CONFEDERATES IN THE ATTIC - PART 1

As a Midwesterner who has chosen to live in the South, I'm often in love with their way of life and pride of place. But their relationship with the Civil War is, indeed, often different than mine and I thought this book might help explain why.
  1. I bought it at my favorite used book store and then was immediately scared to tell my Southern friends.
    It was published in the 90's but I have this gut instinct that it wasn't received well here in the South, much like the folks in Borat didn't like the way they were perceived in the film. Is this my own prejudice coming through? You betcha!
  2. I was instantly hooked and even began highlighting statements that I liked or that I wanted to remember for later.
  3. For instance: "The South is a place. East, west, and North are nothing but directions." -Letter to the editor, Richmond Times - Dispatch 1995
    This is the South I love. Head held high, manners on display, sweet tea on the porch.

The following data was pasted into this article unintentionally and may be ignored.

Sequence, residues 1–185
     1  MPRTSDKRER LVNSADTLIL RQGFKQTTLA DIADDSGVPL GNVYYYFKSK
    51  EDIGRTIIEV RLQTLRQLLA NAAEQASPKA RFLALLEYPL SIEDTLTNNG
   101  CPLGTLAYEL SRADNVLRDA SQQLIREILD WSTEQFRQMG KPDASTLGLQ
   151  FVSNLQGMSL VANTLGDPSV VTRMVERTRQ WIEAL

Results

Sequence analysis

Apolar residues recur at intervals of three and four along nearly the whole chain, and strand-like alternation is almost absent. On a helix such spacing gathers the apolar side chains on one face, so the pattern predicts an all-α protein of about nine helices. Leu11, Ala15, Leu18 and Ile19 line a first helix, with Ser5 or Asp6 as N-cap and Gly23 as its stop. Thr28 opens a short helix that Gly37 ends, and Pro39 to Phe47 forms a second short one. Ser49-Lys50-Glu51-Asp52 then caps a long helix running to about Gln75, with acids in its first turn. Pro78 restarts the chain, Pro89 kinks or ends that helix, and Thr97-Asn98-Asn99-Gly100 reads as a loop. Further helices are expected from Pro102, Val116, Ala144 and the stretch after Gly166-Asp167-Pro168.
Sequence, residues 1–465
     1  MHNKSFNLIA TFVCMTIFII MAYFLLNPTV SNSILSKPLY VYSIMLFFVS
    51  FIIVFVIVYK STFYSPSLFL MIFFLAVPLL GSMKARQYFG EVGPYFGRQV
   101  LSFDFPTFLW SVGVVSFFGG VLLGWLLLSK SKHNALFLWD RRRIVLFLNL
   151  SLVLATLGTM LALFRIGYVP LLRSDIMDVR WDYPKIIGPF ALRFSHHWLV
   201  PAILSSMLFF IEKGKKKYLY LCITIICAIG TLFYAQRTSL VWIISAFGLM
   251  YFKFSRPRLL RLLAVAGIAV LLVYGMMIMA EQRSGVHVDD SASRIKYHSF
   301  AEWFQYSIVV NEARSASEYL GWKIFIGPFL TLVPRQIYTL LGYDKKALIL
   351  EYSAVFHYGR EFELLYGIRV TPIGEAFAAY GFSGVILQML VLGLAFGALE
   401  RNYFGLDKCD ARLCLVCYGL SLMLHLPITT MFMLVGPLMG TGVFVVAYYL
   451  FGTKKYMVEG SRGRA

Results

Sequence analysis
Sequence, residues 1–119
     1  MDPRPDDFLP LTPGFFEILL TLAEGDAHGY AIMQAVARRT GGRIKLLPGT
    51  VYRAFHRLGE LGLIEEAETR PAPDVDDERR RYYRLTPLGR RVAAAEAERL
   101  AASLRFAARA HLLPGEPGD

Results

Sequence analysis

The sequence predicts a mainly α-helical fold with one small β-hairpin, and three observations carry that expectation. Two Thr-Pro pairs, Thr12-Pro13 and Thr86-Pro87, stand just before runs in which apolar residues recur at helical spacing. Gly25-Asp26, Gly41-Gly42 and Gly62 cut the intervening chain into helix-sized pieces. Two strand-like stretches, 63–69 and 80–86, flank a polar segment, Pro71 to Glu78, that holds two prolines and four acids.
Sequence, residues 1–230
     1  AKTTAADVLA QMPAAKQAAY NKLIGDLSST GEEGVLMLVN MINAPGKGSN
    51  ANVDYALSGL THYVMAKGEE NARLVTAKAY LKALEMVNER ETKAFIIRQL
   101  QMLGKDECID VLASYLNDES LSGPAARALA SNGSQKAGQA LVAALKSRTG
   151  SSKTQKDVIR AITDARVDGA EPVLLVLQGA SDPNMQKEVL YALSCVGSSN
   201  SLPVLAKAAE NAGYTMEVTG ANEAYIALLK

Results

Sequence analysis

4. But the theme of the book is "why does the South keep the Civil War alive?"
    "We have tried to forget the Civil War," Edmund Wilson observed. "But we have the defeated enemy on the premises, and he will not allow us to forget it. "
  5. I'm on page 45 and so far the author has been offered up two answers: family and military backgrounds.
    A member of the Daughters of the Confederacy said that Southerners have always grown up knowing who their great-great grandfathers, etc were, as well as the family Bibles filled with the names of who went off to the war and never came back. (1 in 4 Southern military age men died in the war vs 1 in 10 Northern men)
  6. As for the military backgrounds...
    That reason was more philosophical and from a gun shop owner who claimed that Southerners are military people. They were back then and they are now. And it's that tie between soldiers that keeps the war alive. (I did some research and as of 2013, the majority of military recruits did indeed come from the South)
  7. The ways the war is kept alive range from eccentric: the Cats of the Confederacy is a group that meets to make up stores about cats during the war
  8. To disturbing: the Catechism for the Children of the Confederacy states that the relationship of slave to owner was loyalty and hardworking.
    Yes, although it was published in 1954, this was still being used in the 1990's in Raleigh, NC.
  9. Seeing as how I'm only on page 45 and he hasn't made it to my beloved Charleston yet, and my siblings will grow tired of me talking about this book soon, expect more lists!